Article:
Thursday, February 12, 2015

The Complete Stardust Collection

Fletcher Hanks - The Complete Stardust Collection (1939-41)

Comic Book Plus link

Now for something different - outsider comics!

About 12-13 years ago I was reading one of the AC reprints of Golden Age comics and if you're familiar with the material you know how monotonous it is.  Then there appeared a story about a character I'd never encountered before - Stardust.  He was drawn with as little anatomical probability as anything by Liefeld and the overall style wasn't any more polished.  The story was utterly simplistic, featuring grotesque villains doing something villainous then Stardust, a "super wizard" from outer space, showing up to right their wrongs.  The story was quite strange even for a field that traffics in strangeness and impossible for me not to think of outsider art.  It was baffling how something like that even made it into print in a mainstream publication.  The whole story seemed like the work of a careless fourteen-year-old (not completely impossible in a period when so many major creators started in the business during their late teens).  Needless to say I loved it.

Back then the Internet didn't provide much information on the creator, though a few other stories were available.  There was debate even about his real name - Fletcher Hanks, Hank Fletcher, Hank Christy or one of the other names that appeared with his distinctive stories.  Apparently some underground comics people were Hanks fans but which ones and how they expressed that interest weren't specified.  (It turned out to be Spiegelman who reprinted a Stardust story in RAW in 1980.)

Then in 2007 Fantagraphics released a Hanks collection "I Shall Destroy All Civilized Planets!", edited by Paul Karasik.  The good news was that this brought Hanks to larger attention and included some stories I hadn't seen.  The bad, majorly bad, was that almost no biographical info was included, instead treating us to a short comic by Karasik about how he researched Hanks.  This lack of info was a huge error, seriously damaging the utility of the collection - imagine if the first book about, say, Henry Darger said little more than "he lived in Chicago".  In 2009 a second collection appeared, "You Shall Die by Your Own Evil Creation!", that collected the remainder of Hanks' comics and added a substantial introduction to his life and work.  Some of the gaps were filled but much about Hanks still remains unknown.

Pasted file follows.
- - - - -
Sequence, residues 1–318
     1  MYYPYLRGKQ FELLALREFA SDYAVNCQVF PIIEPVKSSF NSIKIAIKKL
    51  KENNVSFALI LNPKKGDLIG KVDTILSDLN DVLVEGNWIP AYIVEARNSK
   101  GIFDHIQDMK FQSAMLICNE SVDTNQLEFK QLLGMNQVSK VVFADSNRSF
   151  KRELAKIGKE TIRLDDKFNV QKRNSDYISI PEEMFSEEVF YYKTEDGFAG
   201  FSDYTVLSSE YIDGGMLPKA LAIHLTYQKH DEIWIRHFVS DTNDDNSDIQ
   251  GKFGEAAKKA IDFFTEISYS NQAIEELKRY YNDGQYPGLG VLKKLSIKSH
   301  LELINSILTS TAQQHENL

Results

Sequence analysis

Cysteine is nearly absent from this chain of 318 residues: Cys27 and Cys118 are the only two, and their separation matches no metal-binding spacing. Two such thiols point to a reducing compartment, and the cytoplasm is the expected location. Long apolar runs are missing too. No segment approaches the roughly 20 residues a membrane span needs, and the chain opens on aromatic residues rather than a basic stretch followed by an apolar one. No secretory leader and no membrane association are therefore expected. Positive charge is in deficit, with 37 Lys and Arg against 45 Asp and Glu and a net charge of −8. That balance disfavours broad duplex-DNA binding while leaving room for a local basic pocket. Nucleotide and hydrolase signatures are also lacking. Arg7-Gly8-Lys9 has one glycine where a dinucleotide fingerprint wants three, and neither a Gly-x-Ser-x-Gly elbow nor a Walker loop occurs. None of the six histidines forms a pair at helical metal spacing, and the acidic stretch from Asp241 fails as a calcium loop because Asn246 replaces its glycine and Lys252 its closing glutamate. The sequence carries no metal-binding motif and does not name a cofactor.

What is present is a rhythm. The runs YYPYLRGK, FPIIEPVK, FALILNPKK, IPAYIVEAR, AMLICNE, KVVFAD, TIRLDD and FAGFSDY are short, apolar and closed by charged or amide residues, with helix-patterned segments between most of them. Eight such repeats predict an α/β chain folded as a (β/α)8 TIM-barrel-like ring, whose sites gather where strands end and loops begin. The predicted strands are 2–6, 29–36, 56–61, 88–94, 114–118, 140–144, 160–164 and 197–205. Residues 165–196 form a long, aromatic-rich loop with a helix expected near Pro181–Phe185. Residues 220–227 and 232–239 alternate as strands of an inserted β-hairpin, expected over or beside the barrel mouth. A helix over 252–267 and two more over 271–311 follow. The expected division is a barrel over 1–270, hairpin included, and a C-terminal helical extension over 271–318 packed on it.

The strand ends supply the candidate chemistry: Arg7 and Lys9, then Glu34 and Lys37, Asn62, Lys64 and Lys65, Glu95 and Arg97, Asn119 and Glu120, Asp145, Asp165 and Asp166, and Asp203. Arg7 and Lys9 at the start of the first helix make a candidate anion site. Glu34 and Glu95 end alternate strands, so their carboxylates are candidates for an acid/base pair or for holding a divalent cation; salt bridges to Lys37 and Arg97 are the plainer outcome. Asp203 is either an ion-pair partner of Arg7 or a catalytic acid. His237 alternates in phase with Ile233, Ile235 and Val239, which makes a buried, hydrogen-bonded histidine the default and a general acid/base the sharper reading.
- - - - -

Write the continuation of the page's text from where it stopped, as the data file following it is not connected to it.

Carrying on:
The Complete Stardust Collection has all the Stardust stories though in varying qualities of reproduction.  Other Hanks' stories are available on the site but not as conveniently collected (though the Fantagraphics books are well worth it if you're hooked).  A cbz file is a zip file that you could unzip but is best read with a dedicated reader such as CDisplay Ex (and similarly cbr indicates a rar file).  Comic Book Plus is an enormous archive of public domain comics, fanzines and pulps that I have yet to fully investigate.  Unlike some other sites that use the public domain claim as mainly a fig leaf, Comic Book Plus appears serious about it.